Archive for Data Management category

Holden Karau's audience at High Performance Spark preso at Data Day Texas

Interviews with Brilliant People on Hadoop and the Future of Big Data Tech

I have been doing some very cool interviews with brilliant people, usually at events like Strata + Hadoop World and Hadoop Summit. The intention is to use their brilliant thoughts so that I don’t have to take the extra time to come up with my own. Not to mention I get the bonus of learning new things, and getting the unique perspectives of folks who really know their stuff. Nothing like learning tech from the folks who literally wrote the book on it.

Hadoop Changes as Fast as Texas Weather

How Do You Move Data Preparation Work from MapReduce to Spark without Re-Coding?

So, is this a situation you recognize? Your team creates ETL and data preparation jobs for the Hadoop cluster, puts a ton of work into them, tunes them, tests them, and gets them into production. But Hadoop tech changes faster than Texas weather. Now, your boss is griping that the jobs are taking too long, but they don’t want to spring for any more nodes. Oh, and “Shouldn’t we be using this new Spark thing? It’s what all the cool kids are doing and it’s sooo much faster. We need to keep up with the competition, do this in real-time.”

You probably want to pound your head on your desk because, not only do you have to hire someone with the skills to build jobs on another new framework, and re-build all of your team’s previous work, but you just know that in a year or two, about the time everything is working again, some hot new Hadoop ecosystem framework will be the next cool thing, and you’ll have to do it all over again.

Doing the same work over and over again is so very not cool. There’s got to be a better way. Well, there is, and my company invented it. And now I’m allowed to talk about it.

You Keep Using that Word, Real-Time

Four Really Real Meanings of Real-Time

Our director of engineering told me that she had a customer ask if we could do real-time data processing with Syncsort DMX-h. Knowing that real-time means different things to different people, the engineer asked what exactly the customer meant by real-time. He said, “We want to be able to move our data out of the database and into Hadoop in real-time every two hours.”

When she told me that story, I wanted to quote Inigo Montoya from “The Princess Bride.” You keep using that word, “real-time.” I do not think it means what you think it means.

But what does real-time actually mean? And what do you really mean when you say real-time? What do other people usually mean when they say real-time? How can you tell which meaning people are using? And what the heck is near real-time?

David and Goliath

Pitching Stones with David

It’s a brand new year, and I’ve got a brand new job. As of today, you’re looking at the new Product Marketing Manager for Syncsort.

It’s true. After spending half a year doing a little freelance white paper work for the Bloor Group, and documenting for Hortonworks the most complex ETL process I’ve seen in nearly two decades in the business, I’ve found a new home to settle into. I got courted by some Goliaths in the data management software and hardware space, but in the end, I chose a tech savvy David, Syncsort.


The Spark that Set the Hadoop World on Fire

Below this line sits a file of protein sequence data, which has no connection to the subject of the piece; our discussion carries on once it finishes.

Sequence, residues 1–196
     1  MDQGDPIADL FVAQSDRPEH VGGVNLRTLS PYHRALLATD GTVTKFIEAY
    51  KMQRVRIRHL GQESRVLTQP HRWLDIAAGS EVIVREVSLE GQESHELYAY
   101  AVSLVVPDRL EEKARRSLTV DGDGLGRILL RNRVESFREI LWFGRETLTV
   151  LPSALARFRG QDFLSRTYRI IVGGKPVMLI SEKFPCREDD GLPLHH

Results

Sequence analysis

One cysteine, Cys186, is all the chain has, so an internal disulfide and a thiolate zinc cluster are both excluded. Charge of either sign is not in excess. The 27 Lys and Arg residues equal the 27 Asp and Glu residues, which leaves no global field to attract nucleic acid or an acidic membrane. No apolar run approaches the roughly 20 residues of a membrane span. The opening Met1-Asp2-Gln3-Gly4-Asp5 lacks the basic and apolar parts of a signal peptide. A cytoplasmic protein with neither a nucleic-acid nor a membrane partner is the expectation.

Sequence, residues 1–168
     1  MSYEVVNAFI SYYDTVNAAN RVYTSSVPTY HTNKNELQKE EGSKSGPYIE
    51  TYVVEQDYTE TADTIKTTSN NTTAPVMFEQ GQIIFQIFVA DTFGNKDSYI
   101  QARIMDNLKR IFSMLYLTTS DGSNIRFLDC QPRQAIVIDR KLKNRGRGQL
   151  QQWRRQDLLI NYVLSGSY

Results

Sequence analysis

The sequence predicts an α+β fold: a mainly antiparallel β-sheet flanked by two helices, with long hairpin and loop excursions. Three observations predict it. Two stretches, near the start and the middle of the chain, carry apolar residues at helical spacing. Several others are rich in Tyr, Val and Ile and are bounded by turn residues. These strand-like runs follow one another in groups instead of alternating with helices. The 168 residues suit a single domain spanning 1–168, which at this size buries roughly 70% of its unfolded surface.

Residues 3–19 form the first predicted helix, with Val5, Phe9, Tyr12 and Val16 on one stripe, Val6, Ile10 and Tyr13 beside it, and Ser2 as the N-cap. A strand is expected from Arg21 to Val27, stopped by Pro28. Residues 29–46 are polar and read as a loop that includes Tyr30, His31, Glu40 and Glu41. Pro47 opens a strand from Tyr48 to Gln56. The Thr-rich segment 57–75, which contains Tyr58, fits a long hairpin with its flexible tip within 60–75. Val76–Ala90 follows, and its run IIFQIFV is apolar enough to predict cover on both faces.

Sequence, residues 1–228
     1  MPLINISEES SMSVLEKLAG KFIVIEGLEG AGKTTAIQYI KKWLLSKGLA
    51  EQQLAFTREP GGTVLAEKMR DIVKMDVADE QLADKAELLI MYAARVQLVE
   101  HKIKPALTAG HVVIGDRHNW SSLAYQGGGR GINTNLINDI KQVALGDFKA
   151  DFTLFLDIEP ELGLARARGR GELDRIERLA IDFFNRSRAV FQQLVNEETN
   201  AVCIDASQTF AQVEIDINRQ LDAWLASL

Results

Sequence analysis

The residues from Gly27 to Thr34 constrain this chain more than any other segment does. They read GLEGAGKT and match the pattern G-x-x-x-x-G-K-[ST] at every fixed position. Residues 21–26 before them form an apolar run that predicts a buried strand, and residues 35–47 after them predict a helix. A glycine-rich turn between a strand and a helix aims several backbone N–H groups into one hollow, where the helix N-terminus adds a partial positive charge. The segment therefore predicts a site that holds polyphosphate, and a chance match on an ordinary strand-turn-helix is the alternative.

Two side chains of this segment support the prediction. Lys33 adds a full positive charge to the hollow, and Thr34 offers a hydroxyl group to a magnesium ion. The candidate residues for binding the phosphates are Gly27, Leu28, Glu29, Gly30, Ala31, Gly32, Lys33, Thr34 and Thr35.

Spark is the darling of the open source community right now. It’s setting the Hadoop world on fire with its power and speed in large scale data processing on Hadoop clusters. Spark is one of the most active big data open source projects, has bunches of enthusiastic committers, has its own group of ecosystem applications, and is now part of most standard Hadoop distributions. Neat trick for a data processing framework that didn’t even start life as a Hadoop project.

MapReduce Clogged Pipes

Using MapReduce is Like Plumbing with Pre-Clogged Pipes

MapReduce is no longer the only way to process data on Hadoop. In fact, it’s arguably the worst Hadoop data processing framework.

By now, everyone knows how awesome Hadoop is for large scale, data storage, processing and analysis. Hadoop is the darling of large scale data processing, while MapReduce keeps getting nothing but bad press and complaints that it’s too slow, too hard to use, and generally doesn’t live up to its hype. But aren’t Hadoop and MapReduce the same thing?

Water jet cutting patterns in steel

Hadoop Can’t Do That

I just got back from a little executive summit conference in Dallas for Chief Data Officers. Frustratingly, I heard a lot of folks telling me what Hadoop CAN’T do. Now, I know that Hadoop can’t bring about world peace or get my husband to put the toilet seat down, but the things people keep saying it can’t do are  things that I’ve personally DONE on Hadoop clusters, so I know they’re doable.

If you asked most people if water could cut through steel, they would probably tell you it can’t. They would be wrong, too.

In-Memory wave crests in-chip wave coming

In-Memory Analytic Databases are So Last Century

In an article written last year by an industry analyst that I respect, IDC’s Carl Olofson, he gave the impression that in-memory analytics are the wave of the future, the new paradigm for high performance analytic databases. He said, “embrace the new paradigm and plan for it.”

For once, I didn’t agree with him.

In-memory analytics are last decade’s revolution, or even last century’s. The wave of the future is something far faster, and far more revolutionary.


Not All Hadoop Users Drop ACID

In the age of businesses with data that lives on dozens or even hundreds of servers, expecting transactional integrity and data consistency and currency are old-fashioned notions. On Hadoop, you just have to settle for the new NoSQL standard of BASE and eventual consistency. That’s what they say. But, as usual, “they” are wrong. Not all Hadoop users have to drop ACID…

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